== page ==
Meditation is a tool that has been used for thousands of years. It has been used by people from all walks of life for many different reasons.
Meditation is a tool that has been used for thousands of years by people from all walks of life. There are many methods, just as there are many unique and different types of people who have used them.
One does not need to seek enlightenment or be on a spiritual path to benefit. For instance, meditation can improve concentration and one’s sense of well-being. And science has shown meditation to lower blood pressure and improve memory and cognitive functioning, and effect other physiological changes.
A common myth about meditation is that it must be done in a particular fashion, such as sitting and being still for an extended period of time: a task that may seem to great to conquer! This can be a major turn off for many and isn’t entirely accurate. Although one may be sitting, the meditation practice involves the practitioner’s participation, as they notice the inhale and exhale of of the breath, watch the light on a candle, or listen to the sounds in the surrounding environment. Those who wish a more active form of meditation can try Qi Gong, Tai Chi, Karate or walking meditation. Anything that helps us become more mindful and live in the present moment can be used as a practice. In Sufism, meditation takes the form of movement through dance and song. And Thich Nhat Hanh, beloved Vietnamese Buddhist Monk, teaches practices, such as smiling. How beautiful is that?
The practice of meditation is just that – a practice. There may be days when you experience a calm, peaceful state of mind almost immediately. Alternatively, there may be days when it’s hard to focus at all. Being aware of the reactions to your practice can be another form of mindfulness! Letting go of judgments regarding your experience, such as “that was a great meditation,” or “that was a waste of time!,” as well as your attachments to a particular type of experience will prove fruitful. Be patient. Take your time. You may need to experiment with a variety of techniques before you find the one that’s right for you. Try one method and stick with it for at least a month. If it’s not right for you, feel free to try another technique. You may find that a practice you’ve used successfully over a long period of time (perhaps years) may not be appropriate in the future. Remain flexible and be opened to experiment with another form. Above all, be gentle with yourself.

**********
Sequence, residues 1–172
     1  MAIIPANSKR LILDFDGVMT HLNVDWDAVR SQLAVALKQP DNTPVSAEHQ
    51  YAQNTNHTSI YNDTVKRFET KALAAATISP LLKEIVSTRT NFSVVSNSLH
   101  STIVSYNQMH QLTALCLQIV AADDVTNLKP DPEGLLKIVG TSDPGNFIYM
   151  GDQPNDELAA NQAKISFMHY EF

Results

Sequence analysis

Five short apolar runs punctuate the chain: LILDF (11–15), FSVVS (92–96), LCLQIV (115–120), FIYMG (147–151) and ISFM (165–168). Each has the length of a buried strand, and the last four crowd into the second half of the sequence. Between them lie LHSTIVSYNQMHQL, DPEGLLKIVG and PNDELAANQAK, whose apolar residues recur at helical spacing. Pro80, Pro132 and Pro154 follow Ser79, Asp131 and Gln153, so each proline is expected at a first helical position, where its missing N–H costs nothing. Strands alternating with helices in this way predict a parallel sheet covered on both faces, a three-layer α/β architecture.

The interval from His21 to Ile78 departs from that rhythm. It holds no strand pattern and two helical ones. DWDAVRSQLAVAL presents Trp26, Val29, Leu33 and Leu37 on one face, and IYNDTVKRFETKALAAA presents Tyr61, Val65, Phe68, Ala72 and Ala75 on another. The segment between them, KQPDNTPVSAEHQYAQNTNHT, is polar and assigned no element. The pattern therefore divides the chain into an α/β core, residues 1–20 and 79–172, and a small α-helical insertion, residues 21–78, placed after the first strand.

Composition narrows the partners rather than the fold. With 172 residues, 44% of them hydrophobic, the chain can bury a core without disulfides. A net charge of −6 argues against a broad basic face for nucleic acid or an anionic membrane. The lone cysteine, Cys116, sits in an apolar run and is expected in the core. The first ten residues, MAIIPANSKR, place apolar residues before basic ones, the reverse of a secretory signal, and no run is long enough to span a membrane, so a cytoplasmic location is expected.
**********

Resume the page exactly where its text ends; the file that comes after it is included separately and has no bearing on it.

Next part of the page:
Most people find a meditation teacher to be of great value when starting a practice. Working with an experienced guide can speed your progress immeasurably. Look around for a class that can meet your needs. Yoga studios, health clubs, or community colleges may offer free or inexpensive classes.
1. The Miracle of Mindfulness, Thich Nhat Hanh
2. The Journey of Awakening, Ram Dass.